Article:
If you haven’t ever been to South by Southwest interactive (SXSWi), it’s somewhat of a surreal experience. For anyone in the digital/social media space, it has become “the” conference to attend due to the sheer number of startups, brands, thought leaders and level of networking that goes on during the course of the event. This year, nearly 25,000 paid attendees descended on Austin, TX — many more attend without a badge — to network, attend sessions, drink and eat good BBQ (and not necessarily in that order).

Given that this was my fifth SXSWi and it’s been interesting to see the changes that have taken place with the event since 2008. The biggest shift in the event over the years has been the involvement of big brands and a transition of mostly blogger and social media types to folks that do PR and marketing as their full time jobs. It’s also meant more corporate sponsorships, more hype and more traditional media coverage. None of these things are good or bad, they just change the vibe of the event significantly. And while some people who have been attending SXSWi for a while feel like the conference has lost its mojo, I see it as part of the maturation process of social and digital media in the corporate world.

SXSW Dashboard

This year, our agency, WCG, pulled together a dashboard* to track some of the conversations and activity happening at SXSWi (pictured above). One of the things we wanted to measure was the overall share of conversation of some of the SXSWi sponsors based on Twitter conversations… and more importantly, how some of those sponsors stood up to popular Austin phrases like breakfast tacos, cowboy hats and boots. Our search query looked for the presence of a #SXSW hashtag with one of the keywords on Twitter. Not surprisingly, we saw breakfast tacos overtake the likes of Apple and Samsung a day into the event. We also tracked things like:

  • Twitter velocity – how many tweets mentioning #sxsw #sxswi or #precommerce, the tag for our own pre-SXSW client event
  • Check-in activity around downtown Austin
  • Top words mentioned in conjunction with #sxsw (in a word cloud)
  • Top mentions of @wcgworld (one of our Agency’s Twitter handles)
  • Most active Twitterers mentioning #sxsw

While part of building the dashboard was for fun, we also wanted to get a better sense of what the macro activity around SXSW would look like this year. The two big take aways for us were 1) spending large sums of money at SXSW doesn’t necessarily get your brand talked about (unless the name of your company happens to include the words “breakfast tacos”) and the volume of conversation on Twitter grew over the conference demonstrating that Verizon, AT&T and Sprint did their part this year to keep the data connectivity up and running this year (years past, not so much). Understanding how your brand can participate meaningfully in these conversations is a huge opportunity that many companies ignore.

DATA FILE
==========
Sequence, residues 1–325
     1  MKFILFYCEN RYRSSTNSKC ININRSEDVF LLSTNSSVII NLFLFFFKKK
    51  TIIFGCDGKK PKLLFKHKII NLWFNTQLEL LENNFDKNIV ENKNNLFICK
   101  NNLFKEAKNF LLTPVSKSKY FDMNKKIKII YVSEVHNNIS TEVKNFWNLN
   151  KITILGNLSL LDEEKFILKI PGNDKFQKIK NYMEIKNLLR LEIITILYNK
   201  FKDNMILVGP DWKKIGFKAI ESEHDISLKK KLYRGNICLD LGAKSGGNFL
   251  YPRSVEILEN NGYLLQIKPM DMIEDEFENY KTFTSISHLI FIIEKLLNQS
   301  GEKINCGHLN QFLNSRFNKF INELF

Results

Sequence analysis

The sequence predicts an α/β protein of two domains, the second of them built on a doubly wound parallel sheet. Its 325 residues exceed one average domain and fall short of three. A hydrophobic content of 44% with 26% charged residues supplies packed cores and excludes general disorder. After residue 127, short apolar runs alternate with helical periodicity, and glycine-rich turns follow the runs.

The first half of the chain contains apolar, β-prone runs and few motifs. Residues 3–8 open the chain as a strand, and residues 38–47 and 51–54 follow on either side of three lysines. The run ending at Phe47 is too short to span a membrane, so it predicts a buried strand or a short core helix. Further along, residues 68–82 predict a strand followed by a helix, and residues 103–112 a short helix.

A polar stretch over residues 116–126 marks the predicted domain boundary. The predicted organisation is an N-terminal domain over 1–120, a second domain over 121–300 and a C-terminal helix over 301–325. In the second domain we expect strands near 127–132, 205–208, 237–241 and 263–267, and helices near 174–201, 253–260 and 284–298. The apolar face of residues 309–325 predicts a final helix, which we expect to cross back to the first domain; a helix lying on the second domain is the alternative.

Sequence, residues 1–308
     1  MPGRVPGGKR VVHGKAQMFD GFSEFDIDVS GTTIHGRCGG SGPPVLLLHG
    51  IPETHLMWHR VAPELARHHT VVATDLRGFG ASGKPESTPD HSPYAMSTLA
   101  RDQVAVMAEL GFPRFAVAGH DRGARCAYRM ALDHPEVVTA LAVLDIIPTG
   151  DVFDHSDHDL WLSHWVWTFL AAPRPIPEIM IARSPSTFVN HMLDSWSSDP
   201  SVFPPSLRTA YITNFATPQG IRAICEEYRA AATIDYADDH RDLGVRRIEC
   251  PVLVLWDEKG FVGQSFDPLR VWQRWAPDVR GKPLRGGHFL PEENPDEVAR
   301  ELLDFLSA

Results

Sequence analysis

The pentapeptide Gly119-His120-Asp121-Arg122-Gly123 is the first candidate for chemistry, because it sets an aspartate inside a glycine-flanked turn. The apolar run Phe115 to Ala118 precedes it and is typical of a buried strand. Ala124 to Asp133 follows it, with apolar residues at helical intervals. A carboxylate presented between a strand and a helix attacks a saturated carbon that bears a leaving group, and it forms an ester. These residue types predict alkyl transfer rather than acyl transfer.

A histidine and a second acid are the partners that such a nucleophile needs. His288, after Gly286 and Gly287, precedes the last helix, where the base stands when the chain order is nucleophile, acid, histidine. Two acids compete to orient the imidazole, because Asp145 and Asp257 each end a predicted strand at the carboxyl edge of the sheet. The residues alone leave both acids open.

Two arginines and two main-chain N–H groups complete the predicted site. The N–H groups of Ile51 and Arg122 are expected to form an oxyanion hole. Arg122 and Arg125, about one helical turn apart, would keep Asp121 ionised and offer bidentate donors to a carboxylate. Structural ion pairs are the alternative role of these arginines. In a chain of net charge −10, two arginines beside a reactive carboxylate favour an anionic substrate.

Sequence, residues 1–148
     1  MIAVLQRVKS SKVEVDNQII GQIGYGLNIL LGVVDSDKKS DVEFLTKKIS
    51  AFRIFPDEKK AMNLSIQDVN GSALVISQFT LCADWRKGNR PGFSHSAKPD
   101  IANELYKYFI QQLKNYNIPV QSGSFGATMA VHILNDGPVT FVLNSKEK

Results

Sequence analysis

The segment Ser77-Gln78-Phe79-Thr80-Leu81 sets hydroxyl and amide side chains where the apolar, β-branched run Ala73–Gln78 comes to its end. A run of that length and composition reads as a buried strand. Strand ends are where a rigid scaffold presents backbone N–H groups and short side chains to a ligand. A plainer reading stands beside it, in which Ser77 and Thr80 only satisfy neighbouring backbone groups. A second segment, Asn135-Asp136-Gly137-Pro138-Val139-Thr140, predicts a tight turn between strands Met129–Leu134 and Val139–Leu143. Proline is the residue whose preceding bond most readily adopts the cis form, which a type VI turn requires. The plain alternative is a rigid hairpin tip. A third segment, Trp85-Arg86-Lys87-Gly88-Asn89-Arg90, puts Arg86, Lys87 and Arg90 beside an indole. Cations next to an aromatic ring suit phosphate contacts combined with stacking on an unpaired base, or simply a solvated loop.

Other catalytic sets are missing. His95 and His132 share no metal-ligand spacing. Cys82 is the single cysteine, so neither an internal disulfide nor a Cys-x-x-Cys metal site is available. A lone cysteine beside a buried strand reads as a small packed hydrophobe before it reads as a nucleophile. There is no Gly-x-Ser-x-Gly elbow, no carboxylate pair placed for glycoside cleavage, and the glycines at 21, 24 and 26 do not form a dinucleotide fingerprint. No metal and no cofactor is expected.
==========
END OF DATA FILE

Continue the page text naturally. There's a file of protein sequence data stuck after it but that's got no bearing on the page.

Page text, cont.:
Other Key Take Aways from SXSW

  • Location-based services are here to stay (read: foursquare) but they are starting to evolve into a new flavor that includes something called proximity services. The big players in this space are companies like Highlight, Sonar and Ban.jo. In a nutshell, these services connect you to those people nearby that are either in your social graph or should be by looking at your similarities. While these services do provide a value to some, their ultimate utility to the mainstream user is still questionable.
  • Customer engagement is top of mind for many brands that have moved from the ad hoc to strategic use of social media. This means putting more thought and energy into mainstream channels like Twitter and Facebook is critical. It also means paying attention to emerging channels like Google + and Pinterest to evaluate the utility for customers and enthusiasts.
  • Big data is big and getting bigger. For anyone that doesn’t know what “big data” is, it’s essentially the ability to collect, store, process and analyze Terabytes or even Pedabytes of data (think customer conversations, search, location-based activity, census, etc.) Historically, this has been difficult due to lack of affordable storage and processing power. This is quickly changing and spells a whole new way for companies to look at trends and insights.

What did you see at SXSW this year? My colleague, Chuck Hemann, shared his take aways here. If you have a post or observations you’d like to share, please include in the comments below.

 

*Normally when we build these types of dashboards, we use a broader set of channel data (blogs, forums, Facebook, news) but in this case, we knew a lot of the real-time activity flows across Twitter (we also wanted to keep development cost/time down to a minimum).

 

Digby Localpoint: The Future of Location-based Marketing?

As an enthusiast about the mobile/location-based services space, I’m always excited to hear about ground-breaking new technologies and services, particularly those that are built with businesses in mind. To that end, I couldn’t resist sitting down (virtually) with my friend and director of product and development at Digby, Doug Wick. During our conversation, Doug and I discussed Digby’s latest location-based offering called Localpoint.

<Aaron> What is Localpoint?
<Doug> Digby Localpoint is a SaaS mobile technology platform designed to help retailers deliver a best-in-class mobile app experience for their loyal customers, focused on location-based marketing, analytics, and commerce. It has four components: Venue, Outreach, Analytics, and Storefront. A mobile team simply drops our libraries into their existing app and can then deploy geofence-based notification and rich message campaigns through Localpoint Venue and Localpoint Outreach, and derive powerful insight through Localpoint Analytics. If a retailer doesn’t have a mobile team, we can help them build an app using Localpoint Storefront, which comes pre-wired with the other three components of Localpoint.